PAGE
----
Country information for Bulgaria - Systems of support and specialist provision

National plan for integration of children with SEN

The Bulgarian Council of Ministers adopted a national plan for integration of children with SEN (2004–2007) in December 2003. A department within the Ministry of Education and Science (Department for Educational Environment and Cultural Integration) deals with learners with SEN and minorities (Turkish and Roma). A Consultative Council on Education of Ethnic Minorities was also created. In January 2004, the Ministry adopted a ‘Strategy for Educational Integration of Children from Ethnic Minorities’. This ‘gives Roma parents the right to choose their child’s school, and the schools the duty to accept and assist them, with special assistants’ (source: OECD, 2007, p. 32).

Two separate National Plans existed in 2007. Their formulation was accelerated by Bulgaria’s EU accession. The first one concerns the inclusion of learners with SEN and was adopted by the Council of Ministers. The second one was made for ethnic minorities and approved by the Minister of Education and Science. The Department for Educational Environment and Cultural Integration within the Ministry of Education and Science implemented both plans. Several barriers to inclusive education existed in 2007:

  • physical conditions in general schools;
  • limited teacher training;
  • lack of funding resources to ensure the quality of special needs education in mainstream and special schools;
  • public attitudes towards children with SEN (source: OECD, 2007, pp. 34–35).

In 2014, resource centres were created to support the inclusion of children with SEN. They are state units with additional curricula and activities like ‘corrective’ therapies and include consultation with parents and teachers. They function in each region and receive state funding, but can also have their own incomes (source: Eurydice, 2014a).

In 2014, the Ministry of Education and Science carried out a project on inclusive education at pre-primary level. It was funded by the Human Resources Development Operational Programme and co-financed by the EU’s European Social Fund. The project included 25 pilot pre-schools from all over the country. It aimed for early identification of children at risk of learning difficulties and to ensure their inclusion in mainstream schools. It also aimed to provide support to various specialised professionals, such as psychologists, resource teachers and speech therapists (source: Eurydice, 2014a).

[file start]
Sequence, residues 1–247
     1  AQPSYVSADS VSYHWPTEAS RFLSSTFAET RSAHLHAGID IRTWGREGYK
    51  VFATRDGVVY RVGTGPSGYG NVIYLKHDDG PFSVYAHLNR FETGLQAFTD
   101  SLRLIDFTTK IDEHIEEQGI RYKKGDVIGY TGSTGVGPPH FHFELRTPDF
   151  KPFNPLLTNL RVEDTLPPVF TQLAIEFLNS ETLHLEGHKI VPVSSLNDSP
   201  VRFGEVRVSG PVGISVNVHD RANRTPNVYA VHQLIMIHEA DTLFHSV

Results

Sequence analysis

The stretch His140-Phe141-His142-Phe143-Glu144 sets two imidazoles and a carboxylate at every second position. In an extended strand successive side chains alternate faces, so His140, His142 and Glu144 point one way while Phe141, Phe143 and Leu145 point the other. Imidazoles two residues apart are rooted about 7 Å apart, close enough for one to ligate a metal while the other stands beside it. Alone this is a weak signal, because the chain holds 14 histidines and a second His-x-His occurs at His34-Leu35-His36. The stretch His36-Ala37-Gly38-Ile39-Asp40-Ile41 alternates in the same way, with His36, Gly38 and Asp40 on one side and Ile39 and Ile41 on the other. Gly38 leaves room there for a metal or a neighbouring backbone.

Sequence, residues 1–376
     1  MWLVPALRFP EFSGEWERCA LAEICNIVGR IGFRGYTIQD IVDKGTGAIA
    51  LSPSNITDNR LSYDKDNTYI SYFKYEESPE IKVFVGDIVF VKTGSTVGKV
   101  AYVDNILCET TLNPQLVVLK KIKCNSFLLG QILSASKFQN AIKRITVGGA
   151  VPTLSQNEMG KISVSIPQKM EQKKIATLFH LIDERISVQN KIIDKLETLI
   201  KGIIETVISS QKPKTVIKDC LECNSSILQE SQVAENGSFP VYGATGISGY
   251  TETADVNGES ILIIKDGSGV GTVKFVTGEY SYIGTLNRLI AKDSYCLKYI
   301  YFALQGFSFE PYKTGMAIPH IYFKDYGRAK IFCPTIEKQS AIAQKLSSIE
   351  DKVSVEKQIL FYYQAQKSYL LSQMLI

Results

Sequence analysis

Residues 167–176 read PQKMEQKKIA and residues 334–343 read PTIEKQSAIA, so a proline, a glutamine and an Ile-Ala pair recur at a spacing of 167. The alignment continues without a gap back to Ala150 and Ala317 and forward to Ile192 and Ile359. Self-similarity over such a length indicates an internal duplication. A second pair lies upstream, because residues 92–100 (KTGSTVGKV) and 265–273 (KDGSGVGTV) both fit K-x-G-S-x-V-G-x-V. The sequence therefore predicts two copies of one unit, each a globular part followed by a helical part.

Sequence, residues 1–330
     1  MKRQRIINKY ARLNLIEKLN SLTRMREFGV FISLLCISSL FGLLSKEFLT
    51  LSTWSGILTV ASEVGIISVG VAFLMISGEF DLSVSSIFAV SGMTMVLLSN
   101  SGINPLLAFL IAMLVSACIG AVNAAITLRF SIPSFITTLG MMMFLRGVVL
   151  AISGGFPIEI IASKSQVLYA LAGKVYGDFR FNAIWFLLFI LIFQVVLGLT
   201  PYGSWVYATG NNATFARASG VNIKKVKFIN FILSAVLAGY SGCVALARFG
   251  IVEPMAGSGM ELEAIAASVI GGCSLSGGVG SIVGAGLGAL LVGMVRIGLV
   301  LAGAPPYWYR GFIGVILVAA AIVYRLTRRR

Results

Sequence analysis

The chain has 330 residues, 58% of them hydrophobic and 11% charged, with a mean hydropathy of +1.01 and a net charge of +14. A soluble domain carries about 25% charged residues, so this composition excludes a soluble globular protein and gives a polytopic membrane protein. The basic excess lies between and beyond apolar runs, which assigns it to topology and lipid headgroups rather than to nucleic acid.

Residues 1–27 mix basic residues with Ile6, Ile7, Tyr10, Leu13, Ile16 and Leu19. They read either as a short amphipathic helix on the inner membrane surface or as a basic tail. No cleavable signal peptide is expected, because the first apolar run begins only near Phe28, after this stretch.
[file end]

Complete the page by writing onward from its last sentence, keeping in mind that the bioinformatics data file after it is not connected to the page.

Separate SEN provision

Education in special schools is conducted through typical syllabuses and a special curriculum approved by the Minister of Education and Science. For instance, curricula on specialised subjects for learners with hearing impairment include:

  • individual formulation and development of verbal speech;
  • development of speech, musical stimulations, phonetic rhythmic and motorics;
  • speech and object activity (source: Eurydice, 2013b).

Resource staff

In 2014, the Child Protection State Department was working to prevent misbehaviour among minors and juveniles. Special advisory centres are also available. The professionals working in these centres are called public educators, but they are psychologists, pedagogues, social workers, etc.

In pre-primary education and training, psychologists give psychological support and counselling to children and their parents, and to educators or parents outside school. Their support concerns the ‘correction of deviations and serious problems in the mental development of children’. Teachers with pedagogical training offer support on problems related to education and children’s general social development. Career guidance is also defined through the public policy in order to stimulate the child’s personal potential from an early age (source: Eurydice, 2014b).

In 2007, mainstream schools did not receive additional funding for learners with SEN. Nonetheless, they had additional (trained) resource staff, such as psychologists and speech therapists. Municipalities paid them on the same scale as any other teachers working in the school. About 1,000 such specialists existed in the whole country. Each special teacher looked after five to seven children. The Ministry paid ‘itinerant’ teachers and those in resource centres (source: OECD, 2007, p. 34).

In 2014, there were various structures for rehabilitation and diagnosis of pre-primary children’s communication disorders. These structures are expected to implement the state policies on the training of learners with SEN. They have programmes on counselling, training and parents’ active involvement in therapy. Diverse types of therapy are used, such as psycho-motor perception therapy, puppet therapy and fairy tale therapy. The employed specialists are speech therapists, psychologists, special educators and music teachers (source: Eurydice, 2014c).

According to public policy, learners with SEN have access to individual education programmes. These include special assignments within the framework of the curriculum on one or more syllabus subjects. The individual education programmes are also intended to ‘develop social skills for independent life in view of successful social integration and professional realization’ (source: Eurydice, 2013b).


Last updated 14/02/2018

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